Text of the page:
Sheryl Crow ‘Really Scared’ by Use of AI in Music
Sheryl Crow is "really scared" by the use of artificial intelligence in the music industry.
The singer has poured her thoughts about AI into a song called 'Evolution' and Sheryl has admitted she penned the track because the she finds the use of AI in song creation "so disturbing".
During an appearance on 'The Tonight Show Starring Jimmy Fallon', she explained: "'Evolution' ... is a song about AI, speaking about The Beatles, and it’s been so disturbing to me."
She went on to reveal she's witnessed AI being used by songwriters and it "really scared" her.
Sheryl added: "I did a session the other day and this young songwriter had this incredible song, but she needed a guy to sing on it so that she could pitch it to male singers in Nashville. Paid $5, put in John Mayer’s name, and she played it for me. There’s no way you could tell the difference and it just blew my mind. And it didn’t just sound like him, I mean, like his inflections ... [It] really scared [me].
"For me, art is like soul, it’s attached to the soul. So when you get into something that’s so much more advanced than our brains are at this point, it takes the soul out of it, you know, and it’s scary."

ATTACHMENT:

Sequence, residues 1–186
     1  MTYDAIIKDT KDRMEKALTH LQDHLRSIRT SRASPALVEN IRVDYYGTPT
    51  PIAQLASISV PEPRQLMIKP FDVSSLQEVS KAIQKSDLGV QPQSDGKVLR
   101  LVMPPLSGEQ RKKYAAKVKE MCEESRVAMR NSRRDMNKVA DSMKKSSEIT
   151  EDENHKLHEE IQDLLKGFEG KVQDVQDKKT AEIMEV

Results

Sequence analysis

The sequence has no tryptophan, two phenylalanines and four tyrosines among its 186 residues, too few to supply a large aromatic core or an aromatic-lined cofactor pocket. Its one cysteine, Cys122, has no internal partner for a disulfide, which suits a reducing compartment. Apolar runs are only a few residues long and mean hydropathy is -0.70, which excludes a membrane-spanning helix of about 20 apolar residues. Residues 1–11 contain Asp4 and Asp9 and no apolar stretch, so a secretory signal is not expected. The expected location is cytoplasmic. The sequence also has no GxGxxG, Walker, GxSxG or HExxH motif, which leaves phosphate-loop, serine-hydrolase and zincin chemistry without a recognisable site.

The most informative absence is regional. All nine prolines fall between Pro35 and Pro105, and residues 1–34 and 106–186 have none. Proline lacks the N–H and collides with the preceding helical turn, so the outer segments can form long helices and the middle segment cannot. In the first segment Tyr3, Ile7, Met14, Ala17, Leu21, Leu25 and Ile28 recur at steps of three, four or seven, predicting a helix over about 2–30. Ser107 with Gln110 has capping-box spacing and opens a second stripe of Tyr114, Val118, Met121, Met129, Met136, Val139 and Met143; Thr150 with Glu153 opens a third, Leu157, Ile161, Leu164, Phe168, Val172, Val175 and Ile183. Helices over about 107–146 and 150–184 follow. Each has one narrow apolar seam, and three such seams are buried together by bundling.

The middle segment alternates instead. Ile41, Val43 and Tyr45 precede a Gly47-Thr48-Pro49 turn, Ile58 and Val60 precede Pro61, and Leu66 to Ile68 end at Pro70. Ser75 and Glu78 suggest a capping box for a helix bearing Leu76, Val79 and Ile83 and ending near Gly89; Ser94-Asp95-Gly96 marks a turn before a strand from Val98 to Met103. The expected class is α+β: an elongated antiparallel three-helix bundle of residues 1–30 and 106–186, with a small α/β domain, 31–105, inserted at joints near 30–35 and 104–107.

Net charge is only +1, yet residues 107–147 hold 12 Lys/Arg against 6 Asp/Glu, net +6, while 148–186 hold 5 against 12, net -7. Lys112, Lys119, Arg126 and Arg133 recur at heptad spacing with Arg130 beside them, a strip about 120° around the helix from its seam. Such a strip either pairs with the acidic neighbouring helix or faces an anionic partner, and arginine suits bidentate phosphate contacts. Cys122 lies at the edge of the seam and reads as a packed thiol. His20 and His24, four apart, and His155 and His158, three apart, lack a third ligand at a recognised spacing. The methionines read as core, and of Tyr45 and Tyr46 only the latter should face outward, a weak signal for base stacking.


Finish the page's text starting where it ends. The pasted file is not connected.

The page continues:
It comes after Recording Academy boss Harvey Mason, Jr. - who runs the organization behind the Grammy Awards - insisted an AI song called 'Heart on My Sleeve' featuring vocals manufactured to sound like Drake and The Weeknd will not be eligible for consideration at the prizegiving.
In a post on Instagram, he explained: "This version of 'Heart on My Sleeve' using the AI voice modelling, that sounds like Drake and The Weeknd, it’s not eligible for Grammy consideration. Let me be extra, extra clear, even though it was written by a human creator, the vocals were not legally obtained, the vocals were not cleared by the label or the artists and the song is not commercially available and because of that, it’s not eligible."
He added: "I take this [AI] stuff very seriously. It’s all complicated, and it’s moving, really, really quickly. I’m sure things are going to continue to have to evolve and change. But please, please, do not be confused. The Academy is here to support and advocate and protect and represent human artists, and human creators period."